A history of childhood sexual, physical, or emotional abuse can also increase the risk for violent behavior (James & Gilliland, 2001). Other risk factors include having access to identified victims, the ability to acquire weapons, increased environmental stress, disconnection and alienation from mainstream culture, high levels of anger and frustration, and use of drugs and alcohol (Dwyer et al., 1998; Glasser, 2000; James & Gilliland; Ross, 1996). In addition, many of the students who have committed acts of violence had psychiatric diagnoses. They were either in treatment in which the severity of their problems was not addressed or they were noncompliant with their medications (James & Gilliland). Some of the perpetrators intentionally went off of their medications in order to increase their level of anger and violent behavior. Because the students were emotionally unstable, they were further alienated from emotionally healthy friends who could have discouraged the violent behavior or alerted authorities about the students' cataclysmic plans. (Borduin & Schaeffer, 1998; Kashani et al., 1999).

Harm to small animals is another indicator of possible risk of school violence. For example, the perpetrator of the Pearl, Mississippi, school shootings tortured and killed his family dog (Bagley, 1999). He beat the dog and then set it on fire while it was still alive. He wrote about this incident in his school journal, but this information was not relayed to his mother or the authorities.  Other warning signs of violent behavior include an unusual interest in violence (Dwyer et al., 1998). The perpetrators in Columbine, Colorado, Moses Lake, Washington, Jonesboro, Arkansas, and Pearl, Mississippi, all expressed a fascination with weapons and violent films and video games. The Trench Coat Mafia of Columbine and the perpetrator in Moses Lake dressed like their favorite characters in violent movies.

Finally, the school environment itself can contribute to school violence. The risk of school violence increases when adult supervision is insufficient, bullying and teasing are tolerated, special privileges are afforded to identifiable populations such as athletes or honor students, the faculty is disconnected from the students and community, students in need of care have little access to intervention, and violent threats are ignored (Fagan & Wilkinson, 1998; Futrell, 1996; Mayer, 1999; Ross, 1996; Stevens et al., 2001; Trump, 1997; Weinhold, 2001). Remaining alert to environmental and individual risk factors associated with school violence is vital to school counselors as they work to prevent school violence.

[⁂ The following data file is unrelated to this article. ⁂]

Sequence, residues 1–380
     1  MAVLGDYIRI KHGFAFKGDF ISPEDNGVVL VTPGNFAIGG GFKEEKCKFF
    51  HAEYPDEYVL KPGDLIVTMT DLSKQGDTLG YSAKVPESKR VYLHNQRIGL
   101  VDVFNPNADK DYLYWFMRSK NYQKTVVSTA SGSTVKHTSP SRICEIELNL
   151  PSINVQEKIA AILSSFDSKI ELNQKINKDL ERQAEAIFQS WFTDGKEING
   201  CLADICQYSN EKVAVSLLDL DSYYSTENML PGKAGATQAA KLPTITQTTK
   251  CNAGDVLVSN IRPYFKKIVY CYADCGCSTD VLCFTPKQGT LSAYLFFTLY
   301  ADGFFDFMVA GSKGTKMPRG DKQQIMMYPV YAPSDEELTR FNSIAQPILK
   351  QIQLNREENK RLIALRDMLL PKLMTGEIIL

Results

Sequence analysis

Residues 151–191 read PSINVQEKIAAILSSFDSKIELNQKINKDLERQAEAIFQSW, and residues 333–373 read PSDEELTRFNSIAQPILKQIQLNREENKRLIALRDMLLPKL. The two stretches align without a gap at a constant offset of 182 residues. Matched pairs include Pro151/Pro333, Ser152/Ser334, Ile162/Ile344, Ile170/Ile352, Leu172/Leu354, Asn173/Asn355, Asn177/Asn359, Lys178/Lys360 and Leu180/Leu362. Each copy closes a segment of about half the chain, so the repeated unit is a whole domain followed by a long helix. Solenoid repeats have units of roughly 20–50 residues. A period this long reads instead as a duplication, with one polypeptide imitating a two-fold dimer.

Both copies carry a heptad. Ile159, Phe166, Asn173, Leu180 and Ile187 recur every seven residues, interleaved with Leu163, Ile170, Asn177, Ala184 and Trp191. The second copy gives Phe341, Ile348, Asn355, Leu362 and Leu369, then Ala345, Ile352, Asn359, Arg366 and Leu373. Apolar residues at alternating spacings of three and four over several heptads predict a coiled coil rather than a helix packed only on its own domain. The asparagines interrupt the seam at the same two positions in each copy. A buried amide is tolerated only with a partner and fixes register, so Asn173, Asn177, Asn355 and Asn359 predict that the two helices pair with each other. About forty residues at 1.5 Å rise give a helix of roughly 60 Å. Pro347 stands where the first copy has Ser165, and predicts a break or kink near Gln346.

- Hermann, Mary A.; Finn, Abbe; An Ethical and Legal Perspective on the Role of School Counselors in Preventing Violence in Schools; Professional School Counseling, Oct2002, Vol. 6 Issue 1, p46

Personal Reflection Exercise #2
The preceding section contained information regarding ethical considerations related to using student profiles. Write three case study examples regarding how you might use the content of this section in your practice.

Peer-Reviewed Journal Article References:
Barber, C., Walters, H., Brown, T., & Hemenway, D. (2021). Suicides at shooting ranges. Crisis: The Journal of Crisis Intervention and Suicide Prevention, 42(1), 13–19.

Lankford, A., Silver, J., & Cox, J. (2021). An epidemiological analysis of public mass shooters and active shooters: Quantifying key differences between perpetrators and the general population, homicide offenders, and people who die by suicide. Journal of Threat Assessment and Management.

Lunn, L., Campion, K., James, S., & Velez, G. (2021). A framework for guiding transformative growth after school shootings. Peace and Conflict: Journal of Peace Psychology, 27(3), 486–496.

Peterson, J. K., Densley, J. A., Knapp, K., Higgins, S., & Jensen, A. (2021). Psychosis and mass shootings: A systematic examination using publicly available data. Psychology, Public Policy, and Law.

Wozniak, J. D., Caudle, H. E., Harding, K., Vieselmeyer, J., & Mezulis, A. H. (2020). The effect of trauma proximity and ruminative response styles on posttraumatic stress and posttraumatic growth following a university shooting. Psychological Trauma: Theory, Research, Practice, and Policy, 12(3), 227–234.

What are the constitutional law issues involved in using profiles to prevent school violence?
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Section 10